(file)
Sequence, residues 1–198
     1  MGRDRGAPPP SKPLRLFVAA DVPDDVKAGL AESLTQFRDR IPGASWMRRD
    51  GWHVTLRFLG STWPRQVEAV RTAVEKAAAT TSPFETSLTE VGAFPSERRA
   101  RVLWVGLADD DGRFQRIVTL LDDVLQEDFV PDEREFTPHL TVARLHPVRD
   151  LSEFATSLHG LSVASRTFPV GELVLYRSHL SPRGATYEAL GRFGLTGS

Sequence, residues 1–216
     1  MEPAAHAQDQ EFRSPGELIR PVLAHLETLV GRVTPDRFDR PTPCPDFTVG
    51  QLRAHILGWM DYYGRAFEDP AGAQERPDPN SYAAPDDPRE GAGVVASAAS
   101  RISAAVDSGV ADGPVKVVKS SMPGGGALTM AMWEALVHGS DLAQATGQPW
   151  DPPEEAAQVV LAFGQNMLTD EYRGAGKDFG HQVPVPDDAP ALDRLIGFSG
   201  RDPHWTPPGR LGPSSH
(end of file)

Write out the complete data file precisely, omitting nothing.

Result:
Sequence, residues 1–198
     1  MGRDRGAPPP SKPLRLFVAA DVPDDVKAGL AESLTQFRDR IPGASWMRRD
    51  GWHVTLRFLG STWPRQVEAV RTAVEKAAAT TSPFETSLTE VGAFPSERRA
   101  RVLWVGLADD DGRFQRIVTL LDDVLQEDFV PDEREFTPHL TVARLHPVRD
   151  LSEFATSLHG LSVASRTFPV GELVLYRSHL SPRGATYEAL GRFGLTGS

Sequence, residues 1–216
     1  MEPAAHAQDQ EFRSPGELIR PVLAHLETLV GRVTPDRFDR PTPCPDFTVG
    51  QLRAHILGWM DYYGRAFEDP AGAQERPDPN SYAAPDDPRE GAGVVASAAS
   101  RISAAVDSGV ADGPVKVVKS SMPGGGALTM AMWEALVHGS DLAQATGQPW
   151  DPPEEAAQVV LAFGQNMLTD EYRGAGKDFG HQVPVPDDAP ALDRLIGFSG
   201  RDPHWTPPGR LGPSSH